By Fr. Thomas Thennadiyil, CMF
My discovery of a call to religious life began within my family. I was incredibly blessed to be born of parents who loved God, were faithful to the Catholic traditions, loved each other, and loved their children immensely. I was the fourth of six siblings. In that family setting, I came to experience a loving God, and my parents instilled in me the conviction that serving God is the greatest adventure of life. The environment in which I grew up was very supportive of religious vocations as well. The central part of Kerala, the southern state of India, where I grew up, is over 80 percent Catholic. Every mile or two, there is a Catholic church. The Catholic faith is very much alive. My growing up years had everything Catholic about them: attending daily Masses with my grandmother, being an altar boy from fourth grade when I received my first Holy Communion, active involvement in the pious parish organizations for teens, daily prayers and rosaries at home, CCD classes, and attending a Catholic school. I was once asked by my second-grade teacher—a religious sister—what I wanted to be when I grew up. My instant response was—a priest.
Well, the spark and the inspiration came early on from my family and traditions. However, growing into my teenage years and being in high school, I needed a personal reason, meaning, and purpose to say ‘yes’ to the big challenge of religious life. That spark came again from the example of service that my mother had shown. Her strong faith, resilience, and service-mindedness always inspired me. She is a homemaker. She would take care of all the chores at home, work on our farm, and attend to all the needs of her six children. Then she would volunteer for work in the parish community. If someone from our extended family, such as our uncles, aunts, and cousins were admitted to the hospital, she would volunteer to attend to them. She did not have to, but that was meaningful to her. That is how she lived her life. She has been the most beautiful example of self-giving service I have witnessed. In 1985, when I was in the 10th grade and with all my siblings still in schools and colleges, our father, the only earning member of the family, was diagnosed with tuberculosis in the brain. He lived on for another 29 years but was confined to bed for the most part of those years. Our life turned upside down. Suddenly poverty and lack of resources hit us very hard. Our mother was our grace. She had insatiable energy. She made sure that all of us children received a good education. All those 29 years, she took great care of our father single-handedly until 2014 when he passed. In addition to all those chores at home, she still had time and energy to volunteer and help others.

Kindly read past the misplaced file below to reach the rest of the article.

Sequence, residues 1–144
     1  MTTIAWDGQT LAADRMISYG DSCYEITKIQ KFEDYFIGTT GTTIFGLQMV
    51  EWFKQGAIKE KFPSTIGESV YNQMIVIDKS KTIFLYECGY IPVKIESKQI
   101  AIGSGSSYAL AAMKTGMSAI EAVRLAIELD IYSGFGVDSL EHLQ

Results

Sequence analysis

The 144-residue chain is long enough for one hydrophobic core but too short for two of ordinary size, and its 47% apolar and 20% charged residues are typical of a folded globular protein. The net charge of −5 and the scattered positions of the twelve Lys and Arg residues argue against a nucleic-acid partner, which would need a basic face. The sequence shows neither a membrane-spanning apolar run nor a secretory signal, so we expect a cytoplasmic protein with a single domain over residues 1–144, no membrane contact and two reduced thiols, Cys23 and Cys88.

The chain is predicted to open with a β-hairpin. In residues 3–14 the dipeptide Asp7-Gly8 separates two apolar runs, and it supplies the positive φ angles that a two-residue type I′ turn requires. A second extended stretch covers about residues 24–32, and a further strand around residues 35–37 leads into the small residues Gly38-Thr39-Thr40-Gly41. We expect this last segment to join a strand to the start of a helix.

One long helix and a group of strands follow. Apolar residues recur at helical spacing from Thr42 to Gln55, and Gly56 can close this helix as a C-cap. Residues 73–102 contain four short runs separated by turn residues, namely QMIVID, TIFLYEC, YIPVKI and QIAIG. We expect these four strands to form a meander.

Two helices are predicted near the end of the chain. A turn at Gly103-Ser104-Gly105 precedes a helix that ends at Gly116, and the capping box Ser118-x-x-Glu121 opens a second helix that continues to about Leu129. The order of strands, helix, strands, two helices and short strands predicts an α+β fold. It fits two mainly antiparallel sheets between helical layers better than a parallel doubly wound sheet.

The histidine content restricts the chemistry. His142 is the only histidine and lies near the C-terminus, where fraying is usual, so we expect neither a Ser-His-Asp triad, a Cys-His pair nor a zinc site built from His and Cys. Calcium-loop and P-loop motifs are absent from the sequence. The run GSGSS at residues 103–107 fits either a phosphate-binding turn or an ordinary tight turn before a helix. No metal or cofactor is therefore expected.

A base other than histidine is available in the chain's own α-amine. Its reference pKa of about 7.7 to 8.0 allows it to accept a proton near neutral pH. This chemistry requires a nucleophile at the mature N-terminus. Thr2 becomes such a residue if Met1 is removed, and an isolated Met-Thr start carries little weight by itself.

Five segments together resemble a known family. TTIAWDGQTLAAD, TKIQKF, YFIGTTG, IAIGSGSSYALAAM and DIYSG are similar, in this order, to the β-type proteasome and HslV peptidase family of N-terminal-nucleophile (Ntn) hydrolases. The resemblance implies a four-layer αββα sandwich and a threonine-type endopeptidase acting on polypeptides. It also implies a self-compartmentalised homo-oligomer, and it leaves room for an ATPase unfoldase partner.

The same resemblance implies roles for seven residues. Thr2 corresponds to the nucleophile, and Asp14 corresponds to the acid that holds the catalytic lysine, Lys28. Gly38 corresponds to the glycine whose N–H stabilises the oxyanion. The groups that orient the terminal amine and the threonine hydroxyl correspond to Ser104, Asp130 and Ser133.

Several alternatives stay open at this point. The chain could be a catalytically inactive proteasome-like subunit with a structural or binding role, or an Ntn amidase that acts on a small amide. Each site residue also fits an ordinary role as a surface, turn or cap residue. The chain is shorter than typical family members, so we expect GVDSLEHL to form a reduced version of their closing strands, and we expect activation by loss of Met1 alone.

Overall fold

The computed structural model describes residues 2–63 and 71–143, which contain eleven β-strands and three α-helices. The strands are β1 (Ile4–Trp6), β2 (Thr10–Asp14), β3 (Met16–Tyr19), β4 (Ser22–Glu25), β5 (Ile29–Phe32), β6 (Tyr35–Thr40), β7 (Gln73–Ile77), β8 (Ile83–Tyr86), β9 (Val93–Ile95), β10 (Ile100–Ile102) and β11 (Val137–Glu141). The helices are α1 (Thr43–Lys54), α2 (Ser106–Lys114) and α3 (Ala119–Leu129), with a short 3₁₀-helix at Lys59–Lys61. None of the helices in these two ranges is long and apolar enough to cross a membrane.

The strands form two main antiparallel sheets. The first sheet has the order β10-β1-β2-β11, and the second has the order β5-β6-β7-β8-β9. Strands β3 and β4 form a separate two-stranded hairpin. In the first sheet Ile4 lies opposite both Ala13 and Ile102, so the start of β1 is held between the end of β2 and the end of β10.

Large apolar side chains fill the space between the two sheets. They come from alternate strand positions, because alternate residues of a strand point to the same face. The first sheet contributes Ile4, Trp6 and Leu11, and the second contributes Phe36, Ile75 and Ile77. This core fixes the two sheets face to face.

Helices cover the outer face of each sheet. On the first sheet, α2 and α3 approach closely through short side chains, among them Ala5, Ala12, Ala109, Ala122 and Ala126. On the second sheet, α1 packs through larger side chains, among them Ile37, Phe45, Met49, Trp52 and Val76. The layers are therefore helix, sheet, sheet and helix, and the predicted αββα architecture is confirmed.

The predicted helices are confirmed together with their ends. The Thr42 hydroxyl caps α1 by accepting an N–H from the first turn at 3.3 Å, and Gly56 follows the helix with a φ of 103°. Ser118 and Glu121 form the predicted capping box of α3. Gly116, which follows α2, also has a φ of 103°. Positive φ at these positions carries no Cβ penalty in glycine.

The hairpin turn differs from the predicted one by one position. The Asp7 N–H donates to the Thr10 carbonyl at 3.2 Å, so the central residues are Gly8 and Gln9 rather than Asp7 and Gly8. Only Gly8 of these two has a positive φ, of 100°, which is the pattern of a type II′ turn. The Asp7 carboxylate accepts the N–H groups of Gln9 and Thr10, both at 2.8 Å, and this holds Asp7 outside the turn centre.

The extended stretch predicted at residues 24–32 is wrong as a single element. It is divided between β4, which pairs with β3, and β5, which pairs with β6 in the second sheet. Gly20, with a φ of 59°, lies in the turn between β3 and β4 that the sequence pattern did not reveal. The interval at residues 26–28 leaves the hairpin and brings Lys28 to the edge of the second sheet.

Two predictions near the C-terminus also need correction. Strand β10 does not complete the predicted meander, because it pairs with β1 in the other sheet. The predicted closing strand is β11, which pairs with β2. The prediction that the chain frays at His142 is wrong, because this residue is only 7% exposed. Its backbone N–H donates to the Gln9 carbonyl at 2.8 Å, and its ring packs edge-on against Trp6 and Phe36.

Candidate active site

In my mother, I witnessed the beautiful integration of faith and service. I wanted to follow that example. I asked myself, “How could my life be of service and meaning to people in need?” There came a longing for something more profound, spiritual, and meaningful. Religious life was the best answer to that longing. Around this time, a Claretian priest served for a short while in our church, and the Claretian charism inspired me.
My life as a professed religious for 30 years, and a priest for 22, has been fascinating. I consider my call within the call is to work in Catholic higher education. Working for young people, nurturing their future, teaching, and influencing their lives gives my religious vocation meaning and fulfillment. I find it to be the most effective way to give back to the community. I can’t thank God enough for this special calling.
Have you considered if God may be calling you to this profound, spiritual, and meaningful service? Our vocation director would love to accompany you in your discernment to make a conscious choice. Contact him today!